According to Elgin, using examples is extremely beneficial and widely practiced as a method of producing understanding. She began by describing that art exemplifies by exaggerating certain values or characteristics of the subject of its representation. Shakespeare’s Macbeth, as a well-known work of literary art, gives us an understanding of the corruption of power and violence by exemplifying those traits in characters throughout the play. Arguing against the notion that science is strictly factual, Elgin advocated that like art, science often advances our understanding through examples and models. Oftentimes, we use representations of systems in science that appropriately exaggerate our area of focus, such as frictionless surfaces. These frictionless systems, as Elgin pointed out, are models that are not true and do not claim to be true. However, by highlighting the basic properties of Newtonian mechanics, students in introductory physics courses are able to develop an understanding of its fundamental properties.

Another example Elgin provided was the fictional aspects of the ideal gas law, PV=nRT. Used commonly throughout science, this idealization of gasses assumes that particles are dimensionless spheres that are not subject to friction or mutual attraction. Similarly, pictorial diagrams and thought experiments in science do not offer us knowledge in that they do not aim to provide us with truths about the science. Elgin believed that instead, the understanding that is gained from these fictions is reminiscent of the aesthetic understanding of art. If we are able to suspend disbelief and accept scientific models as idealizations, as Elgin pointed out, we will advance our understanding of these concepts.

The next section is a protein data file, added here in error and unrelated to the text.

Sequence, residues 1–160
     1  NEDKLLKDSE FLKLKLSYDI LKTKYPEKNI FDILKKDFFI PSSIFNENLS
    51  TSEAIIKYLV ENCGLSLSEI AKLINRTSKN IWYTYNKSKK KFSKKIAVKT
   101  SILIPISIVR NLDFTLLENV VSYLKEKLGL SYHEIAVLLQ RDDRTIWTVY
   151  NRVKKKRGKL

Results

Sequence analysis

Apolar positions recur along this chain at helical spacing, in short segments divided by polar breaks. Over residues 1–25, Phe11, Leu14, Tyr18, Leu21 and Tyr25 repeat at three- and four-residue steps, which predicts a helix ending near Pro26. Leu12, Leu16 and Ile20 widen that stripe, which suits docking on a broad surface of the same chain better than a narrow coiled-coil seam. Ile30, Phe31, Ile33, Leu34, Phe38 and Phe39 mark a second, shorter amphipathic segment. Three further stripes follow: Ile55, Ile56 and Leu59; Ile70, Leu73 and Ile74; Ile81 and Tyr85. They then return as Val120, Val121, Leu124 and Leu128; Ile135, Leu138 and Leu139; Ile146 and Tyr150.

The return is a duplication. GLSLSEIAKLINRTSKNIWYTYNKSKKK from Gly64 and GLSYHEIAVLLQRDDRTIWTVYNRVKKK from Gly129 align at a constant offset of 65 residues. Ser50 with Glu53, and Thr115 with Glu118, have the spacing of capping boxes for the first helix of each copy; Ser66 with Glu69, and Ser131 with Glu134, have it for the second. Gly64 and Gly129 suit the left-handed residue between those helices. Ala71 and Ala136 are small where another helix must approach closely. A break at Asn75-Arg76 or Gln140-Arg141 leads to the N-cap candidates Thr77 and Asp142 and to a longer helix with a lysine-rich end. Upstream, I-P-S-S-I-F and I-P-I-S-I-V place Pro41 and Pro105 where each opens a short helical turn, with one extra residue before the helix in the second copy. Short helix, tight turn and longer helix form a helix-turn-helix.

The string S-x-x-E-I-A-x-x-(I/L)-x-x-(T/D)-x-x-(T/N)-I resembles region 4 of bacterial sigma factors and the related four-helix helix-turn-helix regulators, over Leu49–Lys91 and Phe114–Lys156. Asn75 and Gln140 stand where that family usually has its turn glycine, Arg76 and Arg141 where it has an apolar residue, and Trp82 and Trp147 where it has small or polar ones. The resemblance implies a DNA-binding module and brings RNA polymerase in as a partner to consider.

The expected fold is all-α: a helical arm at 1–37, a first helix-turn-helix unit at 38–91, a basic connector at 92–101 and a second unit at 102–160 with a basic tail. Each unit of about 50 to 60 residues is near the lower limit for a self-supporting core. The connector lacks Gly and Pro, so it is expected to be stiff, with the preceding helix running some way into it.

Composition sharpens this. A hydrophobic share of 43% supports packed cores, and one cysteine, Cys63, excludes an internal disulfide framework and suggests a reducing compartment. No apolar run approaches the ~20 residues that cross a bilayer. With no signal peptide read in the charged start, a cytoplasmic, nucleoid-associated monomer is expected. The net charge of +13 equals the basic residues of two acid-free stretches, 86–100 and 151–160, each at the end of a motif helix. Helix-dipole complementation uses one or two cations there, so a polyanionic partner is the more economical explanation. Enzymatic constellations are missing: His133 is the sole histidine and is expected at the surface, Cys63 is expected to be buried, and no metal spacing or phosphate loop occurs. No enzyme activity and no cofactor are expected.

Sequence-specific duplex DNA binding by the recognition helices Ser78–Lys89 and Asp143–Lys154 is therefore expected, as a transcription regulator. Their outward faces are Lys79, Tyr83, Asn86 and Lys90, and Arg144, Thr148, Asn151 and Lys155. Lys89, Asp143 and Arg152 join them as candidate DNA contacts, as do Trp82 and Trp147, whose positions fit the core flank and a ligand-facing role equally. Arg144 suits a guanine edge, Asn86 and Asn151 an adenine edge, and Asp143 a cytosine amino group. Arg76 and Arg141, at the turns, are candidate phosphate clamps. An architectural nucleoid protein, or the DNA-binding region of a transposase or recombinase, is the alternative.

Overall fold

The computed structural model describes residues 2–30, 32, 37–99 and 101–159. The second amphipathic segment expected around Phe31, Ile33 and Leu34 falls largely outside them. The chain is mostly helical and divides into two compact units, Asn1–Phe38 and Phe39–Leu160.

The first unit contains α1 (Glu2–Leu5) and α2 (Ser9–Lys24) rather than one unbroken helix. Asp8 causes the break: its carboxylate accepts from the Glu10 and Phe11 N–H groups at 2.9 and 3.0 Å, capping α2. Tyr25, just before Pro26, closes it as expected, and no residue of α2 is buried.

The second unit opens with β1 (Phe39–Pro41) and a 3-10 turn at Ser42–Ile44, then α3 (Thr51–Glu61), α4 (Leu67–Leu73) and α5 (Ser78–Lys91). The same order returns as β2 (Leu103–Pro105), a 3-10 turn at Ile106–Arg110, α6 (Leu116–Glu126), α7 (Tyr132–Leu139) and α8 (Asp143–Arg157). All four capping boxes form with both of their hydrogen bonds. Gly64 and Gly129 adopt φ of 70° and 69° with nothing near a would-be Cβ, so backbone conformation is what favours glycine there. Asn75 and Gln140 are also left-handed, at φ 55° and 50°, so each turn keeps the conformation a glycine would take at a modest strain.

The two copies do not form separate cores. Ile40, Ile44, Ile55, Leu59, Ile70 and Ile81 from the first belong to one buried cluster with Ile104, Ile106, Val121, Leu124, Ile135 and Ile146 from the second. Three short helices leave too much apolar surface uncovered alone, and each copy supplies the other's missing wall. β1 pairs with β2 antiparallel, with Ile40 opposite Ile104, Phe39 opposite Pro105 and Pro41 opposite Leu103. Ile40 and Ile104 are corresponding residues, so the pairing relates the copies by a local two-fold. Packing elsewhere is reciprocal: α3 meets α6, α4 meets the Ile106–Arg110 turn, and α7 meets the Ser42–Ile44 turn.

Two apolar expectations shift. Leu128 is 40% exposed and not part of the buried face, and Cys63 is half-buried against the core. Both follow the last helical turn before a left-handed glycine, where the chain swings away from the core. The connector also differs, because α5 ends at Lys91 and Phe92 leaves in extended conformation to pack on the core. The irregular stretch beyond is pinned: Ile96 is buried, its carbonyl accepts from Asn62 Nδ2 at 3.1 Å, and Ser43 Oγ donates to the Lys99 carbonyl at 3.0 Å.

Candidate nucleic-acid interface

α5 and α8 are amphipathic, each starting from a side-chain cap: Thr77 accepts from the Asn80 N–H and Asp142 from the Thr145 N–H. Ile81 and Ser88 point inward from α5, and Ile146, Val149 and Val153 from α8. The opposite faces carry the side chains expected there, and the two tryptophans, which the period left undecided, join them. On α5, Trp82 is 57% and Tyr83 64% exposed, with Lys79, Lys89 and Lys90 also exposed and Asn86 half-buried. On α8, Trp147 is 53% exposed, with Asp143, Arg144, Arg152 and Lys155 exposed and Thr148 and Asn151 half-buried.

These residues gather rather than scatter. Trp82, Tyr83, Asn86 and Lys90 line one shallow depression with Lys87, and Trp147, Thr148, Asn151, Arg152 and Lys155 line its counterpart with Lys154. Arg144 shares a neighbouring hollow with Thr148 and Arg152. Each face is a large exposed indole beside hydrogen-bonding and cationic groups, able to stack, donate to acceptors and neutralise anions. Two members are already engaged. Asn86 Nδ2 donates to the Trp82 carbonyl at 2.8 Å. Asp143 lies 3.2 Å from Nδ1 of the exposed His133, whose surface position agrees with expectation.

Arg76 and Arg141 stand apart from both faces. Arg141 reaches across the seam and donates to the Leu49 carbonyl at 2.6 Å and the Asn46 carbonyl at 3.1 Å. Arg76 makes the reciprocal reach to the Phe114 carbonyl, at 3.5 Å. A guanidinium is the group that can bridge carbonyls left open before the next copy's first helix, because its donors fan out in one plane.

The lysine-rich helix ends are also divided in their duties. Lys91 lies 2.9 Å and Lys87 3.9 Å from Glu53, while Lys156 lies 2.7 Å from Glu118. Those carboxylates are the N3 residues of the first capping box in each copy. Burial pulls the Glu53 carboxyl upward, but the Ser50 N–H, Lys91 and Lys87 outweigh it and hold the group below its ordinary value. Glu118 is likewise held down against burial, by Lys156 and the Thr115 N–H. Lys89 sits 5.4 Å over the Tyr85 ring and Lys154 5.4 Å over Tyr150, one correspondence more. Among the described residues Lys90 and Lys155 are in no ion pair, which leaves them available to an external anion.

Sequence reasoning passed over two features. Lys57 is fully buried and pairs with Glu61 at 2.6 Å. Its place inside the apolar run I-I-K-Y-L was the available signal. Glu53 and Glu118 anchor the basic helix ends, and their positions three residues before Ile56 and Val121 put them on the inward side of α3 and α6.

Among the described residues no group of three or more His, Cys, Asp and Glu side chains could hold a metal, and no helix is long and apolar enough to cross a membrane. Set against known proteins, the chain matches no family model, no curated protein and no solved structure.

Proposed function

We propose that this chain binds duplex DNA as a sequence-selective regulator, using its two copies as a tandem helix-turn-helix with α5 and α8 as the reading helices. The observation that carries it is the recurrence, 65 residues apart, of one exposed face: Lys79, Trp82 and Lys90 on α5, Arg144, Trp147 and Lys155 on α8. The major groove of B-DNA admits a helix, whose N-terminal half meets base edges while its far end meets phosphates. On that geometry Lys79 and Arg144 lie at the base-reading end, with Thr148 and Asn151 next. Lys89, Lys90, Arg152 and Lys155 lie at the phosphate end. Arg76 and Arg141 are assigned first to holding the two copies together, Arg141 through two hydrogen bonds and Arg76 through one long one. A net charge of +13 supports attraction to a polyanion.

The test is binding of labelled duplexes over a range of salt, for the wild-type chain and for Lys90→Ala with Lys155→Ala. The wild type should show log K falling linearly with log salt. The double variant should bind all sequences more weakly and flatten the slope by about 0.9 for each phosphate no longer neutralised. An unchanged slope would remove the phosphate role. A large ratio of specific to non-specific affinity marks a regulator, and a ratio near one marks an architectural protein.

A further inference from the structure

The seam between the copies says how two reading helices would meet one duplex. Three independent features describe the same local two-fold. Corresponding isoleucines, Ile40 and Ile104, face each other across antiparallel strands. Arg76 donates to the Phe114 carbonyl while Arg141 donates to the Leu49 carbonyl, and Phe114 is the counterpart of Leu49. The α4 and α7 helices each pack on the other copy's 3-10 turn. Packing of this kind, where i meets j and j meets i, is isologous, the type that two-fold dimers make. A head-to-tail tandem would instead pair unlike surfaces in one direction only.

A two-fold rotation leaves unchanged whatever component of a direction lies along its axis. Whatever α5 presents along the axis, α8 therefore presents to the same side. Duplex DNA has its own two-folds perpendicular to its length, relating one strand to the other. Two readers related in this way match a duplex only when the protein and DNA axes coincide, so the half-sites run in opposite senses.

On Friday afternoon, I had the pleasure of driving Elgin back to the Williamsport airport, allowing for a stimulating follow-up conversations regarding her visit. Most notably, was our conversation about different types of understanding. Elgin told me about her recent inquiry about the different derivations of the Pythagorean theorem, bringing into question what method is best. Does the means by which we acquire the ‘whys’ and ‘hows’ of mathematical and scientific processes contribute to our overall degree of understanding? Or do multiple pathways all leading up to the same end result contribute equally to our interpretations of these processes? These questions, along with many others asked throughout Elgin’s time at Bucknell, remained up in the air after her much appreciated visit to Lewisburg.